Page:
Say cheese! Selfies taken by men, women differ: researcher

Say cheese! Selfies taken by men, women differ: researcher

Jennifer Sedgewick says you can tell a lot from a person by how they take a selfie.

Sedgewick, a graduate student at the University of Saskatchewan, studied 900 selfies posted to the social dating app Tinder for a paper in the journal Frontiers in Psychology. She was trying to see whether there were any significant differences between how men and women take pictures of themselves.

"We found that men took more pictures from below, thus making them appear taller or more dominant," she told CBC Radio's Saskatoon Morning.

"Whereas women take more pictures from above, therefore making them appear shorter or less dominant."

She focused on Tinder to place the selfies in a particular context — namely, attracting a potential mate.

"When people are taking these selfies, they're trying to pose themselves in the most attractive way," she said.

"And with Tinder, there's not a lot of other information given, so that first profile picture is actually extremely important."

Other than dominance, Sedgewick found that people chose their camera placement for other reasons to make themselves look more attractive.

"One of the things holding the camera from above can do is accentuate things like bigger eyes, or a slimmer frame," she said.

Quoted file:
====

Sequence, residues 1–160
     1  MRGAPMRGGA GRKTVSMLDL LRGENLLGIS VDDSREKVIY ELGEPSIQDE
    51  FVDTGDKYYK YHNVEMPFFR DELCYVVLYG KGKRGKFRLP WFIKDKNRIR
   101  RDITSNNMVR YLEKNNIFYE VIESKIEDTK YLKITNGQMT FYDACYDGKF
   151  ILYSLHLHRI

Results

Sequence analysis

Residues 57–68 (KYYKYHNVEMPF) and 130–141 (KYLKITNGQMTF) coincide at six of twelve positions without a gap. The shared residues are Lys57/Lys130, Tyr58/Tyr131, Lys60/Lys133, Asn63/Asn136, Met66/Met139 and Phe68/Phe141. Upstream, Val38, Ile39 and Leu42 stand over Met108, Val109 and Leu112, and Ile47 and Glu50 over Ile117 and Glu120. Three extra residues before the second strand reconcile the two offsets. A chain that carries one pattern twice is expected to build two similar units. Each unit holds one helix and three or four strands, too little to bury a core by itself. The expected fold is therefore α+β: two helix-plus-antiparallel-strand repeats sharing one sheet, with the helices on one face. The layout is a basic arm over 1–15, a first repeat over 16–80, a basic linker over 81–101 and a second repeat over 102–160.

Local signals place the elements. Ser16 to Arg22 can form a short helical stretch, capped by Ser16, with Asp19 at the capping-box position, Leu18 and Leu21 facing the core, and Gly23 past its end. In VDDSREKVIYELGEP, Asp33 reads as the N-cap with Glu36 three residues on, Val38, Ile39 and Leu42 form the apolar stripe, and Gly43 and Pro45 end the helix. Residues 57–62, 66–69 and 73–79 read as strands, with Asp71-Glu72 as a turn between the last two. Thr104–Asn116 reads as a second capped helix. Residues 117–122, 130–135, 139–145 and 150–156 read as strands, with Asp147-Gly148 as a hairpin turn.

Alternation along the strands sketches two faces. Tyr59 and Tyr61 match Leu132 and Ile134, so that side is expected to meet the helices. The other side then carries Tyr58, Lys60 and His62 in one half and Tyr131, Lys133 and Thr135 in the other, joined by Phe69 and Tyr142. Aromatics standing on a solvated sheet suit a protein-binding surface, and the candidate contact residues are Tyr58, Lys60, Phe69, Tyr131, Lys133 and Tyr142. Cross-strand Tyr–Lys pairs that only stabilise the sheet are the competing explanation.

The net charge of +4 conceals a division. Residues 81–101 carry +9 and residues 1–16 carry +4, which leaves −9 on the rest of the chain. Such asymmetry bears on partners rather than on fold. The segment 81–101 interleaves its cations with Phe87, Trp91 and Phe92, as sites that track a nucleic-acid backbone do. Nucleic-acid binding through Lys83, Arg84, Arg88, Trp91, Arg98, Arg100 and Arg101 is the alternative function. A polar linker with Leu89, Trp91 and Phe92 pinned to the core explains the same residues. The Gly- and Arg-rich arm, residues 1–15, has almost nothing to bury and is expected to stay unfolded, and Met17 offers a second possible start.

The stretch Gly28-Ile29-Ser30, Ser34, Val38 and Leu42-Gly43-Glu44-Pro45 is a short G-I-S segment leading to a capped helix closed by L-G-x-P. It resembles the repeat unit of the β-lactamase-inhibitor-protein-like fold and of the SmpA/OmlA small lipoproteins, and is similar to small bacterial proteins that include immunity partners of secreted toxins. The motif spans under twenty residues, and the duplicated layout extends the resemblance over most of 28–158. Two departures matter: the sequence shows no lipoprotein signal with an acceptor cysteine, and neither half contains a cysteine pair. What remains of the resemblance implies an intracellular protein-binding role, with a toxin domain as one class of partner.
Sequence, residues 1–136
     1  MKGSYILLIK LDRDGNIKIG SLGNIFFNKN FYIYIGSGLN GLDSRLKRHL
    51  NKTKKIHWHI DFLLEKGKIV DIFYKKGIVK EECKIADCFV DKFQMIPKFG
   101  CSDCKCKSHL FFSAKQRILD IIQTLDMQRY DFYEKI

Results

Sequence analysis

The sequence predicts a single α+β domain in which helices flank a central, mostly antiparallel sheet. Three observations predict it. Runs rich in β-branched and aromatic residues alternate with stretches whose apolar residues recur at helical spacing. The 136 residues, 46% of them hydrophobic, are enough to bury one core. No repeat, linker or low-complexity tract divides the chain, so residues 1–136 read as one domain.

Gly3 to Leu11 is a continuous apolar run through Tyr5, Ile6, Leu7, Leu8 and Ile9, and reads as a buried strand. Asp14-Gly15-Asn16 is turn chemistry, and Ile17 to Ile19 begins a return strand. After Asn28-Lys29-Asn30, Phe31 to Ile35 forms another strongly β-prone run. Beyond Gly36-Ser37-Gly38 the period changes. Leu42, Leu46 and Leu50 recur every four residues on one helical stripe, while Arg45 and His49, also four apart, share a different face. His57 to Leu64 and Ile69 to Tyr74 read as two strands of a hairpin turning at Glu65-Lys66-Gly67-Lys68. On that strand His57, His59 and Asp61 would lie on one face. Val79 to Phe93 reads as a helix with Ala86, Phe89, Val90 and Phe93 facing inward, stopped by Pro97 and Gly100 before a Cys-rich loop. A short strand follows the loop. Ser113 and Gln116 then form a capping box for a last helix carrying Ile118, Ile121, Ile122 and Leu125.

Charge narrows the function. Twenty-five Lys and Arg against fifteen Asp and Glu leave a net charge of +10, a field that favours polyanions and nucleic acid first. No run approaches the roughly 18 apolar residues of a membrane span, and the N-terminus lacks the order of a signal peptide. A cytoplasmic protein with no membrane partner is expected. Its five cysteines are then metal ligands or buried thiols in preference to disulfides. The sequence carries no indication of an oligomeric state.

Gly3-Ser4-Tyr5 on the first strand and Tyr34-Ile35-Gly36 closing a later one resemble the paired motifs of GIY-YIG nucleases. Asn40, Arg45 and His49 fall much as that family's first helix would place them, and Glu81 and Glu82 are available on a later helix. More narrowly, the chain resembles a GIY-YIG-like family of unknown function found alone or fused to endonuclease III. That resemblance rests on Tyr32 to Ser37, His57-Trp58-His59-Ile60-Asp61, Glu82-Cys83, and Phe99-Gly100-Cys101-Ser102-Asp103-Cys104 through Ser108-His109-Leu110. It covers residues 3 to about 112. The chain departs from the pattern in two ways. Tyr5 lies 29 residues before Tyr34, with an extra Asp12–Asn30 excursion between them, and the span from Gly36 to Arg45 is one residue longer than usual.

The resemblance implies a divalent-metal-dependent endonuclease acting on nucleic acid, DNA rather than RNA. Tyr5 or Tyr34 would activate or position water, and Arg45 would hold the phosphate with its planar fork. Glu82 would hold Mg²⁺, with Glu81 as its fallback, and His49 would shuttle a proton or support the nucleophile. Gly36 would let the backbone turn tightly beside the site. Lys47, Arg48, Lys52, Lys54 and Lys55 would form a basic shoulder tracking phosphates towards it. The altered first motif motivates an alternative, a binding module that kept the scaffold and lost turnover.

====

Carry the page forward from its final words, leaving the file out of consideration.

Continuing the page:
"Whereas, if you were taking from below, that can accentuate other things, like a strong, masculine jaw."

Women take more selfies

She also found that women took far more selfies (92 per cent) than men (56 per cent).

"When you get to have that power over how you look in the image, especially when you're trying to make yourself look most attractive, that's probably a really good strategy," she said.

While selfies have dominated popular culture for the last several years, there haven't been many studies completed by academics. As a result, there's still a certain amount of guesswork involved in discerning why people are doing what they do.

Next, Sedgewick is interested in looking at how picture placement fits into political discussion, especially how different sides portray figures on the other side of the aisle.

"How do conservatives versus liberals show people from the opposite party?" she asked. "Do you want to show them in a way that makes them seem more powerful or less powerful?"